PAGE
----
Episode 7: Realistic Switching of Turnouts

Turnouts in Reality

Turnouts in 1 scale are too large and too visible to operate them without realistic switching. Not only should you not be able to see drives: Nothing disturbs the realistic impression on a system more than when the turnout bangs into the end positions at lightning speed and with a loud ‘CLICK!’ And all the more so when several turnouts have to be switched in a road and this clack occurs several times. If we take a quick look at the original, we see slow movements with switching times of 2 and more seconds:

So what could be more obvious than to recreate this on the model railway? For this post a 1 scale turnout from Märklin (→e.g. 5977) for manual switching serves as a visual object. Since only the pure control is to be shown here at first, elements such as counterweight or the turning lantern are dispensed with here. The turnout slider (not the track tips) can be operated with a wire coming from below:

Modified turnout with steel wire for switching

This has the advantage that the spring between slider and tips works normally and the tips are always pressed cleanly against the rails. Furthermore, it is then also possible to ‘cut open’ the tips if the entry direction is ‘wrong’.

Slow movement

How do you drive something slowly but powerfully? The very common older magnetic drives described above are definitely not suitable for this purpose. Gear or servo motors are now available. If a geared motor were to be chosen, the following aspects would have to be taken into account:

  • large torque
  • long travel (unlimited)
  • mechanical conversion motor shaft (rotary) to crossover (translatory)
  • relatively high price from 10 – 15 €, →e.g. Pololu
  • Limit switches are required
  • a suitable electrical control (H-bridge) in connection with a digital decoder

The following things are important when using →a model builder servo:

  • limited torque depending on size
  • limited travel; 180° is usually no problem
  • mechanical conversion motor shaft (rotary) to crossover (translatory)
  • manageable prices from approx. 4 €
  • no limit switches required
  • Digital decoders with servo control are available

Due to the price and the simpler design without mechanical limit switches, the servo version should be chosen.

For the optics of the system, it may even be advisable to extend the operating time a little bit so that the observer can also perceive it correctly.

Servo and control

A possible digital decoder for controlling servos via DCC is the →ESU Servoswitch. With 35 € it is not quite cheap, but up to four servos can be connected and of course individually controlled via DCC address. Both end positions as well as the traversing speed can be programmed individually via CV variable or hardware button.

→The video clearly shows the setting process. During the adjustment process, only the quiet transmission noise of the servo can be heard. In my opinion, this is still acceptable.

Mechanics (Kinematics)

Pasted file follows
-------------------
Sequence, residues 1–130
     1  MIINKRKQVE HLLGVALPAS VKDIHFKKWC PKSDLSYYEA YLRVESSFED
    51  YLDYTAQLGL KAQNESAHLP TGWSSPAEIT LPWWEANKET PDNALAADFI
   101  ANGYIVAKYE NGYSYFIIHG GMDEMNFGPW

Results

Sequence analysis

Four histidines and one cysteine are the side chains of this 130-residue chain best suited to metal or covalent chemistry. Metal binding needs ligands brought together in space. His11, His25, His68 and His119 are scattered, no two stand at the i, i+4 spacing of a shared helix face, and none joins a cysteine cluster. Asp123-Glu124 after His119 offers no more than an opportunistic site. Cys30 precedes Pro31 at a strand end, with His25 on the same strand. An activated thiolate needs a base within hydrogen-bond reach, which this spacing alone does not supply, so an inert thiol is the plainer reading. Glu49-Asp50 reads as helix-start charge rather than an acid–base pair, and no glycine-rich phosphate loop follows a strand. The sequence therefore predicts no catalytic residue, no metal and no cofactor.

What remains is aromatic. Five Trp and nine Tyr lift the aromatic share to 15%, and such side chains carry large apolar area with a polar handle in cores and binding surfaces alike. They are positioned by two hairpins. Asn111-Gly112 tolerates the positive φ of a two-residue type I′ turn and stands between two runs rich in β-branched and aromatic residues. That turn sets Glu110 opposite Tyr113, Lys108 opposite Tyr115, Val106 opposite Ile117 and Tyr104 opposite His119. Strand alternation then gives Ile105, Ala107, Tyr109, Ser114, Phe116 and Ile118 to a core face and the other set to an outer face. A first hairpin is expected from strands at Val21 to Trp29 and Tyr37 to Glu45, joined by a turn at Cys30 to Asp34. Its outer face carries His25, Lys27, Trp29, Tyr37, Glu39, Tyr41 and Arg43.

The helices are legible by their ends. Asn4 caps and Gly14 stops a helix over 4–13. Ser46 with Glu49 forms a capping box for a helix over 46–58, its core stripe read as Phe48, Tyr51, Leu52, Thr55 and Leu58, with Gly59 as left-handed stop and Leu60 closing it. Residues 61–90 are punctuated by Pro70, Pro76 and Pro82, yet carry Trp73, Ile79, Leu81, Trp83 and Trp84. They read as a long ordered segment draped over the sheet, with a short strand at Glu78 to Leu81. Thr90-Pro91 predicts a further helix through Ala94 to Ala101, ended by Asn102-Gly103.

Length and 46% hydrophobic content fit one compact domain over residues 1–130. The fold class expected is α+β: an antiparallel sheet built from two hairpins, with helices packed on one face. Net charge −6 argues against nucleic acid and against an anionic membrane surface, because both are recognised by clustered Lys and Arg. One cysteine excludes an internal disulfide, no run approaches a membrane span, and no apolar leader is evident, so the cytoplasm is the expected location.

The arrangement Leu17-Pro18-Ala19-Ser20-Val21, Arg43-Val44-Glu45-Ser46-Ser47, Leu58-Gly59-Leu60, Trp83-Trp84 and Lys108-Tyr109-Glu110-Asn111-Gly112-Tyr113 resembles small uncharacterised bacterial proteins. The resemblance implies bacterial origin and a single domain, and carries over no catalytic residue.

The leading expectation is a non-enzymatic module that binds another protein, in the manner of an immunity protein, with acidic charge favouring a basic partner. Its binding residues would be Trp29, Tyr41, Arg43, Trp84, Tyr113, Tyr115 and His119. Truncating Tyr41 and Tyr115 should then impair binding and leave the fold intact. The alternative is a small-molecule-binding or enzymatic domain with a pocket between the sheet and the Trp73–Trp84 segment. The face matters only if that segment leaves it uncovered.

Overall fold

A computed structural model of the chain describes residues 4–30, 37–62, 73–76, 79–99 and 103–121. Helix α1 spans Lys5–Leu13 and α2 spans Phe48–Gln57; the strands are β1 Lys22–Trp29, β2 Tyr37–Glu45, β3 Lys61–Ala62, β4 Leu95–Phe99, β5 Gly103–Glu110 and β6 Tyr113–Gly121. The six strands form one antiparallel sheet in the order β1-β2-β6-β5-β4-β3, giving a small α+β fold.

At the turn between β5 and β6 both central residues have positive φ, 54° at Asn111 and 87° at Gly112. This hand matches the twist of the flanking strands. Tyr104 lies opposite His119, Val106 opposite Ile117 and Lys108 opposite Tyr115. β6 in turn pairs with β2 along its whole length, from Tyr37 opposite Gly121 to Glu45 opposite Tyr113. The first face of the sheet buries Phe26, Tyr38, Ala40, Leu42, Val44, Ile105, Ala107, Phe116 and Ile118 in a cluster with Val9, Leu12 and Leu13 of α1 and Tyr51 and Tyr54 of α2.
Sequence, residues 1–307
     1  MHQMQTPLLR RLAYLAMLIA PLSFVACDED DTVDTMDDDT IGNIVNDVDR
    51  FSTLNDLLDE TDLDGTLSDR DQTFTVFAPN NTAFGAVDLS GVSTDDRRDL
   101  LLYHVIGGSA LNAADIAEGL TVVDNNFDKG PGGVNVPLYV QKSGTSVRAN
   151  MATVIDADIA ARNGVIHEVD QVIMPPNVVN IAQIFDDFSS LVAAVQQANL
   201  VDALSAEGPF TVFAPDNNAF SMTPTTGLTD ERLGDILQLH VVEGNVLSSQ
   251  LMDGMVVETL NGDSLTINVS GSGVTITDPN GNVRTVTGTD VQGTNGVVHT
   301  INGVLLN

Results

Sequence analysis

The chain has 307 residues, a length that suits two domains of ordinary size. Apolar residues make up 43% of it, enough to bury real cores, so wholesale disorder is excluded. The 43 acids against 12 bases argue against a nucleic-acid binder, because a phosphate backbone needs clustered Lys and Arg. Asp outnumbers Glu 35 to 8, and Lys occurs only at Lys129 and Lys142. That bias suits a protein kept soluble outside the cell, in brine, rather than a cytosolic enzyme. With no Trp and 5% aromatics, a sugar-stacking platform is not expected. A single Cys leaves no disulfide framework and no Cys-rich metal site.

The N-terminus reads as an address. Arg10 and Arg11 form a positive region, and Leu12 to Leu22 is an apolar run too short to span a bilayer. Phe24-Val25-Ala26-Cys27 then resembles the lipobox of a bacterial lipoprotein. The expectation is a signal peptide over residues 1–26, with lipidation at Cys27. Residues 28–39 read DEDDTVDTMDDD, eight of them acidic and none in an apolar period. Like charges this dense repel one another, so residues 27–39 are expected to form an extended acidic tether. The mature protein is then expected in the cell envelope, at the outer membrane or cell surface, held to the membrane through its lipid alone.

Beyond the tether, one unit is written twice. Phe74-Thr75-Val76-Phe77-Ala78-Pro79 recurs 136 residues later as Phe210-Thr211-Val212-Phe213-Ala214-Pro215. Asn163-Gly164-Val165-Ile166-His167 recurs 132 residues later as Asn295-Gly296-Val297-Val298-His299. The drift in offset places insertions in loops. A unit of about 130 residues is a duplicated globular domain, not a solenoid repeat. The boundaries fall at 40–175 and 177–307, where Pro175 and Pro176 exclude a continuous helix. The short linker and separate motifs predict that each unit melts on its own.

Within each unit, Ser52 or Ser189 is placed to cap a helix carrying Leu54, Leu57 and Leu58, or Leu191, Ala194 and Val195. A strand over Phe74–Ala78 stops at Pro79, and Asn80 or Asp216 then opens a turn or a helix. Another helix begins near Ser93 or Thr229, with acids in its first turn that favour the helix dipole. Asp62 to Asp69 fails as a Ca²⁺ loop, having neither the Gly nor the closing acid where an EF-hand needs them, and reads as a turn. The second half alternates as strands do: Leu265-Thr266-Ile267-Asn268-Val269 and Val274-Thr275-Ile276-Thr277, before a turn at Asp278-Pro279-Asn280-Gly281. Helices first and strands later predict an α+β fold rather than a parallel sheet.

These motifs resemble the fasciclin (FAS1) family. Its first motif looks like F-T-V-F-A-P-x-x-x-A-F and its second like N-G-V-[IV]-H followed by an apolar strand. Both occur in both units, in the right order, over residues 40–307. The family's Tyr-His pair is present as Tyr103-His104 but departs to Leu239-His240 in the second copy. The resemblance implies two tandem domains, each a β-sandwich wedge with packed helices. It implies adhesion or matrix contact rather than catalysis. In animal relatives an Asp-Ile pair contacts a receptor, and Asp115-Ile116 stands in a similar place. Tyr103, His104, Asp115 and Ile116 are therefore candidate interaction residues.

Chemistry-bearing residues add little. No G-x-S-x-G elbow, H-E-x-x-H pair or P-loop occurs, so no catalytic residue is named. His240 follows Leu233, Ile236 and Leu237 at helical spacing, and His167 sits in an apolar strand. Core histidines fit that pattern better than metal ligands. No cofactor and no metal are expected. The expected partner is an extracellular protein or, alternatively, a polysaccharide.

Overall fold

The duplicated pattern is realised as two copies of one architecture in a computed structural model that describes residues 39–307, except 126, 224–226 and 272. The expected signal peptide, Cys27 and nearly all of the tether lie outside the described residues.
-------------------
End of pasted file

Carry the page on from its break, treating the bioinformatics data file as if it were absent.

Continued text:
Now the translation of the rotary movement of the servo into a linear movement of the switch lever has to be solved. The above aspects should be taken into account:

  • High holding forces: We solve this requirement by allowing the servo to move in each direction to the 90° position. If a lateral force is applied (for example by cutting), the servo is only loaded radially in the direction of the pivot point and not in the direction of rotation (tangential). The current consumption of the servo does not increase, which has a positive effect on noise and service life.
  • Cost-effective: Apart from the servo, some wire and wood as well as a screw plus washer screw, no parts are required. It should all be in your tinkering box. Depending on the position of the servo switch, an extension of the servo cable may have to be planned.
  • Reliability: Because there are few moving parts and they are very robust, the reliability for model making purposes is more than given.
  • Maintainability: Nothing is more annoying than when a switch fails, collisions or derailments occur and you don’t reach the culprit or have to rip open the entire track bed for repair. Therefore, this mechanism is designed in such a way that it can be completely removed downwards and serviced at any time after loosening a single fastening screw. Only when reinserting the threading of the wire into the hole of the turnout slider is a little tricky. But everything has its price 🙂

Optionally, the switch end position could also be detected by push-buttons and be integrated into the automatic system by means of a feedback device. However, since the drives are very reliable, this has been dispensed.

Above-ground version

Of course, the kinematics shown are only possible if sufficient space is available below the surface. But various variants are conceivable, for example for staging yards:

Above-ground servo position

With a little skill, this installation variant can also be used for the visible part. Then the servo could perhaps be ‘camouflaged’ by the yellow cover of a DB electrical distribution box and some bushes.

Conclusion:

  • Very realistic and quiet setting process
  • Finely adjustable positioning speed
  • High holding forces
  • Comparatively cheap
  • Functional turnout spring: Forcing open the points is possible

Indeed there must be lost of other solutions. But this one impresses with its simple design and ease of maintenance.



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